Saudi Arabia revolution

The Arabian Peninsula has recently been subject to, what has widely been called, the Arab world’s home brew wave of revolution. The most iconic of these has been the revolution in Egypt that saw millions take to the street – forcing the incumbent president to flee in the wake of peaceful protests that barely lasted a fortnight. In context, the bloodiest of these has been the ongoing wave of protests in Libya that have seen hundreds already fall to the violence inflicted by the state military. The most significant of these, however, has yet to take place.

Saudi Arabia, the Arab world’s political and economic heavy weight, has so far remained sheltered from the tide that is counting down Arab monarchies and dictatorial rules, one after the other. Analysts, however, have been quick in forming the view that the oil exporter, too, is ripe for change. They cite socioeconomic indicators, demographic breakdowns and unemployment numbers to support their case. And whilst the conditions in Saudi Arabia are, no doubt, not very different from those prevailing in its neighboring Arab countries, whether or not the Arab youth – which comprises almost two thirds of the country’s native demographic – can be galvanized for such a cause is a question that few have been able to answer.

One of the more popular facts that are being thrown around, with rough approximations, is the demographic break down of the native population. Almost 70 % of the native population is under 30 years of age and approximately 40 % of this population is unemployed. This, of course, is notwithstanding the 22% of the population that lives below the poverty line in what is one of the largest Arab economies. Interestingly, while all of these numbers are traded around in most academic discussions about any impending revolution in Saudi Arabia, one very important facet is often ignored: the willingness of the Arab youth to take the initiative. The attempts at an organized protest against the government so far – one in mid February and another on 11th March – failed miserably when, despite several hundred confirmed attendees, protesters failed to even make it to triple digits amidst heavy presence of security contingents.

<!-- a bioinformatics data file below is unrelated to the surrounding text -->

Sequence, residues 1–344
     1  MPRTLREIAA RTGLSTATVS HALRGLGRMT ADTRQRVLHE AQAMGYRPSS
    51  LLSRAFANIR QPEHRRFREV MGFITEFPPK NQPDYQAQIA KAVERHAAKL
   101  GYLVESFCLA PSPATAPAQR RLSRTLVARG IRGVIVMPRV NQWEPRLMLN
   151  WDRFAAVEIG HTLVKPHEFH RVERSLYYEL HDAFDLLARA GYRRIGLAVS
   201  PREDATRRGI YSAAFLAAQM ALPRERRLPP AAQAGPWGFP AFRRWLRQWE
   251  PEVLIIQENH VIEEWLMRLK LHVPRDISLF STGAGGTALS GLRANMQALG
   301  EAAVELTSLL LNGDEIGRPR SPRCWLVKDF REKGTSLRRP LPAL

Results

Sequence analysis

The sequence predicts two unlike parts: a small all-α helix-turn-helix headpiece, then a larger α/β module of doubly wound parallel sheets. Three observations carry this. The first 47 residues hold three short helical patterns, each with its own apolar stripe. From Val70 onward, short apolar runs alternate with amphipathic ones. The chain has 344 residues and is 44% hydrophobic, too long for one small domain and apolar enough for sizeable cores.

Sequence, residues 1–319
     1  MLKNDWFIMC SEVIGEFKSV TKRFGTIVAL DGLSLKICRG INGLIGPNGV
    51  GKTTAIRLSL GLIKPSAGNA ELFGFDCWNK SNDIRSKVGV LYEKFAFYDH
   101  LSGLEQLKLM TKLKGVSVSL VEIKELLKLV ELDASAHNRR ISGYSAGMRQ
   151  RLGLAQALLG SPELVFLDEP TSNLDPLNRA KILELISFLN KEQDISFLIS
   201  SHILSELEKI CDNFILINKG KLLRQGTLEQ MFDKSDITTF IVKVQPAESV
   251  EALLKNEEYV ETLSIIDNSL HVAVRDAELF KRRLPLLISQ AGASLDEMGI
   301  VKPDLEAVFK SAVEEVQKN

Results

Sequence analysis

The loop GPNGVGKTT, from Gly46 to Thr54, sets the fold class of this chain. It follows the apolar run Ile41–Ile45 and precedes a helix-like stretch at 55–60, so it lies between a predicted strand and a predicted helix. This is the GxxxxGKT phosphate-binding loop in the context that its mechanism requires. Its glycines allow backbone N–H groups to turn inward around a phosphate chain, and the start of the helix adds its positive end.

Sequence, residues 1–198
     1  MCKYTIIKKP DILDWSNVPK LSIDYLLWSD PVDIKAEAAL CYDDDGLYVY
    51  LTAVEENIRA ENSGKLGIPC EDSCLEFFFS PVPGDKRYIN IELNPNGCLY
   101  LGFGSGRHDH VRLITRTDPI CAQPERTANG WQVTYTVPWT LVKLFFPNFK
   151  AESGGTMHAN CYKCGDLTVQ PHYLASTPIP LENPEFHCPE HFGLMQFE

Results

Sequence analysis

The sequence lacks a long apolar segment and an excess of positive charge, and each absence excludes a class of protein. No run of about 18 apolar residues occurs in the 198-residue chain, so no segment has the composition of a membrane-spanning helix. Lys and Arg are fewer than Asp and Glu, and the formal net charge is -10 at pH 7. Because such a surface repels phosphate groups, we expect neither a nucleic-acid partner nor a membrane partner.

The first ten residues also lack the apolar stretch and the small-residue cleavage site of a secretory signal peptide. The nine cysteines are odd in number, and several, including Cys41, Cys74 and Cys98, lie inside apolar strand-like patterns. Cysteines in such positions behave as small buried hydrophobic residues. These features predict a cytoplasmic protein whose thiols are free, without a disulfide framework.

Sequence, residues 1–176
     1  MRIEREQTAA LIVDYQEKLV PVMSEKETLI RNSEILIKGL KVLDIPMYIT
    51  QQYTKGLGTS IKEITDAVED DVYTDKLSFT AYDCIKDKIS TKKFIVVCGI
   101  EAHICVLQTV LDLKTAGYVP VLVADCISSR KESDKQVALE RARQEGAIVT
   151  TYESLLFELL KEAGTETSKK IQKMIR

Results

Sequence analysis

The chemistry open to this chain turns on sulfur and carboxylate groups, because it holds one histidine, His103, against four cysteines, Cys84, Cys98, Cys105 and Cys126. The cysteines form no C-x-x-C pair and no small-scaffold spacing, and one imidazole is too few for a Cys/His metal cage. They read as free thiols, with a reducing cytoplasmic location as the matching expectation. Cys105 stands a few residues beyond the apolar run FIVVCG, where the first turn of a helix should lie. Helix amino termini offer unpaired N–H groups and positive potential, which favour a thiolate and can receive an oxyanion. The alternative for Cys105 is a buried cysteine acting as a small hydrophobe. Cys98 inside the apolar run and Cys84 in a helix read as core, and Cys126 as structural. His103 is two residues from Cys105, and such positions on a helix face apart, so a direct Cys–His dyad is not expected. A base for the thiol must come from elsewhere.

Fortunately, this mindset seems to have changed already, within the span of one short fortnight after the alleged murder of one of the chief organizers of one such protest rally by state security forces. This is being viewed largely as the wake up call and the impetus that the Saudi revolution movement needed. The fact that a human life was the much-needed shot in the arm should be a testament to just how severely desensitized the Saudi youth has become to its own predicament. This is a country where the economic disparity between a large royal family comprising of a few hundred members and the rest of the 26 million population is the difference between a several hundred billion dollar economy and a $24,000 per capita income, this is a statement indeed.

Protest in Saudi Arabia

At this point, many people are criticizing the Saudi King’s attempt to bribe his ‘subjects’ into submission with the recent announcement of $37 billion in reforms and social uplift as too little too late. The fact, however, is that this year’s reforms have only come to light because of the fast spreading tide of uprisings across the Arabian peninsula. King Abd’ Allah bin Abd’al Aziz has been offering similar, albeit smaller, reform packages as token payments to his people since as early as 2005-06. If the correlation between aide packages, civil unrest and the inside reports of the socioeconomic conditions in Saudi Arabia are to be trusted, then the government has been pacifying its people with token money for one too many years. Now might finally be a good time to set its house in order lest the people finally wake up for once.